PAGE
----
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Games People (and Plants and Cats) Play

Mike Hemberger(3)
Designing fun: balls whizzed as IED students presented their final projects in Academy Hall.
Seven sophomore engineering students have invented a game that is played by potted plants.
  That was just one of the inventions displayed Dec. 8 when students in Introduction to Engineering Design (IED) presented their final projects. In IED, student teams are assigned a theme -- this semester they had to invent a new game--and urged to push beyond mundane solutions. This year, more than 200 students in 38 teams demonstrated projects, according to William Foley, the faculty member who coordinates the course.
  IED illustrates Rensselaer's focusing of engineering education on hands-on experience, teamwork, creativity, and entrepreneurship, which is highly appreciated by the corporate recruiters who flock to campus each year to hire engineering students who have been educated to be creative problem-solvers. The IED students create such innovative designs that they received national attention at an exhibit last year at the Smithsonian, and some of the ideas are being patented, Foley said.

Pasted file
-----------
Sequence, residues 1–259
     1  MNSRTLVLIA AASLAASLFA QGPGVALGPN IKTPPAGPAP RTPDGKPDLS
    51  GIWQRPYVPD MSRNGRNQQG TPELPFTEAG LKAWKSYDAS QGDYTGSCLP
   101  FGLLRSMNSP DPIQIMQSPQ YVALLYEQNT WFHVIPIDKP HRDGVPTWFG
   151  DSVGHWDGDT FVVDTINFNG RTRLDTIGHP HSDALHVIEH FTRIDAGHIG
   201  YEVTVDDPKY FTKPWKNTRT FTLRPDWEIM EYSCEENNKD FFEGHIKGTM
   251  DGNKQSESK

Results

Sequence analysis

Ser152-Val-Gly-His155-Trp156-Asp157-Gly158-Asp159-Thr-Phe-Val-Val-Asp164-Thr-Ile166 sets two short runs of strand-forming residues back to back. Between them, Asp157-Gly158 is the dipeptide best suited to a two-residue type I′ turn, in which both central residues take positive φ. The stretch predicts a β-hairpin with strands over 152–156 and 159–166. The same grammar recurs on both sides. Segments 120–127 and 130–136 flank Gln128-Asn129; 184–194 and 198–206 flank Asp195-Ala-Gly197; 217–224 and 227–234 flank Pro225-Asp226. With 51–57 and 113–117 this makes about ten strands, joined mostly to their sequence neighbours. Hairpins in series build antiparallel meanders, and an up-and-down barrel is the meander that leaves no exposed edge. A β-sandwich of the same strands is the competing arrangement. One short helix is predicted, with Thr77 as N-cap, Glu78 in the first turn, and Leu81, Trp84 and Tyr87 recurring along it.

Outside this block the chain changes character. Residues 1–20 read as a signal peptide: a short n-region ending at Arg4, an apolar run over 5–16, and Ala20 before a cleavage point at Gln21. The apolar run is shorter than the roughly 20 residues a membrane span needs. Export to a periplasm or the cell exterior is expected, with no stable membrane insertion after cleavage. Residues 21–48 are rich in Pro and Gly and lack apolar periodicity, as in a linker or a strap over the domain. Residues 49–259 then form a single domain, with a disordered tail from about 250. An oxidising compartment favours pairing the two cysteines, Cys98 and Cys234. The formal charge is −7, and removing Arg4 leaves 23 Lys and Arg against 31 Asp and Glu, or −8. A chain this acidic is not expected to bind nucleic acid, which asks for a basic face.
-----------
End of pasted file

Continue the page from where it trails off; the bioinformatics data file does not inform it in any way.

In "Grow Ball," a plant scores points by growing past sensors that trigger the arm on a skee-ball device. Other features include a moisture meter to sense the dryness of the soil and water the plant if needed; a grow light that delivers the optimum amount of light for a particular plant and keeps it growing vertically; and electronic devices that record where the ball lands and keep track of points.
  Other IED projects this semester included a game for cats that offers fun and exercise while owners are at work, a competitive pinball game in which balls are controlled by magnets, and a table maze designed for restaurant customers.
  "Traditionally, engineers tend to be conservative people," says Burt Swersey, one of the six faculty members who teach IED sections. "We're trying to unteach that attitude. We are trying to help students understand that engineering means doing exciting things, learning, growing, fulfilling your potential, being productive, and having fun. Engineers with these skills will have the most satisfying careers, and they will be the most valued in the workplace."


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